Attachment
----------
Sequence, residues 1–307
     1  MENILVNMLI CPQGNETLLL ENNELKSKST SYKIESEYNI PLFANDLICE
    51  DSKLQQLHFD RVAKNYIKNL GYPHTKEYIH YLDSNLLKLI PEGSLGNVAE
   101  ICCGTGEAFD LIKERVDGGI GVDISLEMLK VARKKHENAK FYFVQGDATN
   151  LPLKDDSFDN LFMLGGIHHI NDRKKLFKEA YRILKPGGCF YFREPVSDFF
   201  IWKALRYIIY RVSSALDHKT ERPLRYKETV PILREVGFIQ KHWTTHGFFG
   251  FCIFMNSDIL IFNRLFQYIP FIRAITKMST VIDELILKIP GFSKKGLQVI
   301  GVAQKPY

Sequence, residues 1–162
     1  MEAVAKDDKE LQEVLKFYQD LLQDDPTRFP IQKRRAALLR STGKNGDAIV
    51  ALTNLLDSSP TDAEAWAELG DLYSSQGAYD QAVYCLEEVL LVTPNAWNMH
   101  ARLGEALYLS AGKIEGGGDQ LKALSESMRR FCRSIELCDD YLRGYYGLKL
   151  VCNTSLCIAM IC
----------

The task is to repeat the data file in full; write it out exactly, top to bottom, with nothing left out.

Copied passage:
Sequence, residues 1–307
     1  MENILVNMLI CPQGNETLLL ENNELKSKST SYKIESEYNI PLFANDLICE
    51  DSKLQQLHFD RVAKNYIKNL GYPHTKEYIH YLDSNLLKLI PEGSLGNVAE
   101  ICCGTGEAFD LIKERVDGGI GVDISLEMLK VARKKHENAK FYFVQGDATN
   151  LPLKDDSFDN LFMLGGIHHI NDRKKLFKEA YRILKPGGCF YFREPVSDFF
   201  IWKALRYIIY RVSSALDHKT ERPLRYKETV PILREVGFIQ KHWTTHGFFG
   251  FCIFMNSDIL IFNRLFQYIP FIRAITKMST VIDELILKIP GFSKKGLQVI
   301  GVAQKPY

Sequence, residues 1–162
     1  MEAVAKDDKE LQEVLKFYQD LLQDDPTRFP IQKRRAALLR STGKNGDAIV
    51  ALTNLLDSSP TDAEAWAELG DLYSSQGAYD QAVYCLEEVL LVTPNAWNMH
   101  ARLGEALYLS AGKIEGGGDQ LKALSESMRR FCRSIELCDD YLRGYYGLKL
   151  VCNTSLCIAM IC